Canto V by Francesco Tanzi was born with the primary objective of creating a celebration of the great Italian poet 700 years after his death. Dante Alighieri’s work is still today the most lucid snapshot of a remote time in which the foundations of the culture, identity, and language of our country were laid, as well as one of the highest examples of stylistic elegance, edgy satire, and narrative architecture. And it is precisely this narrative and scenographic aspect that Tanzi tries to translate into musical notation, creating a piece that holds together the homage to the composers who have made Dante characters the protagonists of their works and the ambition of a performance with a representative and informative.
The first compositional choice in this direction is to associate a character from Canto V of the Divine Comedy with each of the four cellos of the ensemble. Thus the fourth cello musically interprets the character of Minòs, the third cello Virgilio, the second Dante, and the first Francesca. Therefore, there is no hierarchical structure between the four instruments, but each becomes the protagonist according to the episode represented. A second element can be identified in the structure of the composition: Canto V is a durchkomponiert piece in which a more linear form is preferred to a “strophic” form that allows to better adapt the flow of music to the fluidity of Dante’s triplets. A general identity of the piece is however guaranteed by the repetition of thematic elements characterizing the individual characters. The last element to consider is that of strict adherence to the text of the Comedy. The piece, in fact, not only carefully follows the alternation of the scenes in the Canto, but adheres completely to Dante’s hendecasyllables, even making the cellos spell single rhymes. In other words, the verses do not constitute the pretext, but the mere text of the music, almost like a libretto.
The first 5 measures of the piece correspond to the first triplet of the Canto. The “Thus descended into the first circle” is narrated by the second cello which with a chromatic trend in triplets – characteristic of the cello-Dante for the entire duration of the piece – descends towards a C # minor chord. Thus appears the growl of Minòs and his girding “with his tail as many times / however degrees he wants [the ill-born soul] to be put down” is represented by the cello fourth with groups of a variable number of strung and accented fourths. In measures 9-17, the souls that “go each other” appear in a canon involving the first three instruments. Minòs (vlc. IV) notes Dante and Virgil (bb. 17-24) and breaks into a scenographic recitative with a sinister and inquisitive character. The response of the third cello in the next nine measures is, on the contrary, noble and solemn, and his “Why while crying?” is rendered in music with a cantabile in E flat major.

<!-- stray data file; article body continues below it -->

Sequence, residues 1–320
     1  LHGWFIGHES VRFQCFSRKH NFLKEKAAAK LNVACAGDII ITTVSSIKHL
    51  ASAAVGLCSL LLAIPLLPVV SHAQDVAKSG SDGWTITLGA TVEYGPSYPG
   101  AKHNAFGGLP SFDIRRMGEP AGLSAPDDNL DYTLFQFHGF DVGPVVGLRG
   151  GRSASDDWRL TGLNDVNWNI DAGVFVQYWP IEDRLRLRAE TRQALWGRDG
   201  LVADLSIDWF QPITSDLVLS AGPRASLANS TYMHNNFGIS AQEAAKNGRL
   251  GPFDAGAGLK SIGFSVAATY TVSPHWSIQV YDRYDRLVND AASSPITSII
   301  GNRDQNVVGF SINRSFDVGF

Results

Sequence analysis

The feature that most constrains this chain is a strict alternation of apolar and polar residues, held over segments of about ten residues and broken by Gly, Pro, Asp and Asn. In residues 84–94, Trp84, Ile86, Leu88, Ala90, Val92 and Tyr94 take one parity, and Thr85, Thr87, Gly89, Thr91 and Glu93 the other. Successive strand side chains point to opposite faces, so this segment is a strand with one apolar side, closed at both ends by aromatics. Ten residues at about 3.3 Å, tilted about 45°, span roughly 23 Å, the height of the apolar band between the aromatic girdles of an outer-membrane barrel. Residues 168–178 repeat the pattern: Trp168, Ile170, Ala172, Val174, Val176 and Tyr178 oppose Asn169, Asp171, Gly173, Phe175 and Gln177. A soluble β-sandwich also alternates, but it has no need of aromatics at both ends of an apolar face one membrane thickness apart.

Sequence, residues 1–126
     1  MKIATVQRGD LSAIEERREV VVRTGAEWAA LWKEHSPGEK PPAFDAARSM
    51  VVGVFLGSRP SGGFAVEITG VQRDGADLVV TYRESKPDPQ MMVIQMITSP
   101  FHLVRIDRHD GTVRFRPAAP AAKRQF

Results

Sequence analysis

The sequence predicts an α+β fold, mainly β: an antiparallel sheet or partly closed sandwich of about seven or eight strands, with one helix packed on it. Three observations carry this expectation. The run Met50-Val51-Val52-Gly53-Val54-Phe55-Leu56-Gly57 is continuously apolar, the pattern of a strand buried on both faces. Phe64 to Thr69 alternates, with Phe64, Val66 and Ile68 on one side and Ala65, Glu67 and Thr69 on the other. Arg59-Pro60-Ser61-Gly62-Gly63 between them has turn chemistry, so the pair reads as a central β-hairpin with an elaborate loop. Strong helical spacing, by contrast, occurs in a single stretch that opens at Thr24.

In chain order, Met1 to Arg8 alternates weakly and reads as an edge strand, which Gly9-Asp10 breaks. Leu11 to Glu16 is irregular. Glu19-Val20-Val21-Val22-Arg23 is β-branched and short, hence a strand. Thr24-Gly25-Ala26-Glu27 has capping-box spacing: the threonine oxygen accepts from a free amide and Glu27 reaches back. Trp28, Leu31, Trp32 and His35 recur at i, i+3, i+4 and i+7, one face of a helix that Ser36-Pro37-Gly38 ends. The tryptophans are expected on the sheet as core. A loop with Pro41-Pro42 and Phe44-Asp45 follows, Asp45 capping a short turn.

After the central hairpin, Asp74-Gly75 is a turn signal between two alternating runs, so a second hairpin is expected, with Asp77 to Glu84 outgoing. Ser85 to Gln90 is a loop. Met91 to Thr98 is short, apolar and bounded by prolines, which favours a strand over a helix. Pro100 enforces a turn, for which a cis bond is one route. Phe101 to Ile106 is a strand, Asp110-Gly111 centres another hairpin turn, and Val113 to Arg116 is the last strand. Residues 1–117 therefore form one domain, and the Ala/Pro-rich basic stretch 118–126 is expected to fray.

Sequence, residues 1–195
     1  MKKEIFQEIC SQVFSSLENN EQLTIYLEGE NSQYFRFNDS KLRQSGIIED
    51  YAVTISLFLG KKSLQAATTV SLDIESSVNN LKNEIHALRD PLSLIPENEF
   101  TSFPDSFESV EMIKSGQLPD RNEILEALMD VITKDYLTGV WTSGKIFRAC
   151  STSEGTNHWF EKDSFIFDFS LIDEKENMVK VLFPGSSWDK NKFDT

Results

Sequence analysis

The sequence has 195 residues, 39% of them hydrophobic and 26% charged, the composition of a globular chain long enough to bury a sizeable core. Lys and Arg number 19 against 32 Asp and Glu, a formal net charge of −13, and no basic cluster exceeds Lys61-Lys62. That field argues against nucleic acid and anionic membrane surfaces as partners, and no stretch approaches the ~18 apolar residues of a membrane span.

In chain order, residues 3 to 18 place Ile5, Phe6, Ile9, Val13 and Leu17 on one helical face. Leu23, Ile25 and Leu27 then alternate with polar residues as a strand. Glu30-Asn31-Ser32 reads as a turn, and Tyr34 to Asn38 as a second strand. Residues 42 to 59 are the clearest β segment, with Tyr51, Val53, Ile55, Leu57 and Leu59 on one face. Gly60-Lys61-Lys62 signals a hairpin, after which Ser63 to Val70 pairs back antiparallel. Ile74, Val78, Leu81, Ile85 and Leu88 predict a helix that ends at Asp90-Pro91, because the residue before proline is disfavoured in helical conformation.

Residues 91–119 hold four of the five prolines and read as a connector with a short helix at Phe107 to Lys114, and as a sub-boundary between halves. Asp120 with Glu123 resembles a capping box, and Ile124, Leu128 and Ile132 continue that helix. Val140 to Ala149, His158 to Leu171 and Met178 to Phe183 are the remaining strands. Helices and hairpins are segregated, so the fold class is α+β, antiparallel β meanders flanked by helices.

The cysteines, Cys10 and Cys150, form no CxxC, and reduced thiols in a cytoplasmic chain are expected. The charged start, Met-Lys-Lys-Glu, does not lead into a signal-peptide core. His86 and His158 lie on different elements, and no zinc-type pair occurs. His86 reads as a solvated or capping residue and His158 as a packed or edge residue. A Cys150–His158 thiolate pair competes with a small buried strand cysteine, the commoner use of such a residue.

This is followed by the episode of the “infernal storm” (bb. 41-106) heralded by the “painful notes” and the “mugghia [re]” of the cave in which the protagonists appear. The section proposes the theme of the ill-born souls encountered at the beginning, which is varied and modified due to the fact that the same souls are overwhelmed and fought “by contrary winds”. In measures 109-111 Dante (vlc. II) questions his teacher by asking: “who are those / people who are chastised by the black aura?.. Virgil’s answer (vlc III) is an explicit homage to the international opera repertoire that has somehow drawn from the Comedy. In fact, each of the characters indicated by the Latin poet corresponds to a fragment taken from a work in which he is the protagonist. Thus appears an incision from the Overture of Rossini’s Semiramide, a cantabile from Purcell’s Dido and Aeneas, and a fragment for Cleopatra from Handel’s Julius Caesar in Egypt. For Elena, it was drawn from Cavalli’s opera of the same name, for Achille from the melodrama of Paër, and for Paris from Paride and Elena by Gluck. The quotation of the Tristan agreement from Wagner’s Tristan und Isolde is also a must.
Measures 141-167 stage the dialogue between Dante and Virgil on the identity of “those two who go together”. The theme of the third cello previously encountered is proposed again, however, transposed into D major in order to prepare Francesca’s debut (vlc. I) at bar 168. This character bursts with an “affectionate cry”, musically realized with a harmony of a major seventh in a broad yet sweet gesture. This is followed by the declamation of cello I which culminates in the cantabile of b. 198: a passionate air on Dante’s famous climax of the three “Amor”. The piece ends with the second cello falling “as a dead body falls”, which rests on the low F on the fourth string after a series of descending chromatic triplets.
A final consideration related to the performance of the piece. In fact, Tanzi’s Canto V is not reduced to the simple instrumental realization of the notes in the score but is conceived to be part of a broader performance, which includes both the recitation of Dante’s verses, as well as the projection of images linked to the episode narrated (think of Blake’s engravings or Dali’s works). In this way, the user can “immerse himself” in the infernal scene thanks to a synaesthetic description of the events and characters. Following these indications, Canto V can become a contribution to the memory of the Florentine poet and his work, as well as an informative and educational tool that can be proposed both in concert halls and in educational and school contexts.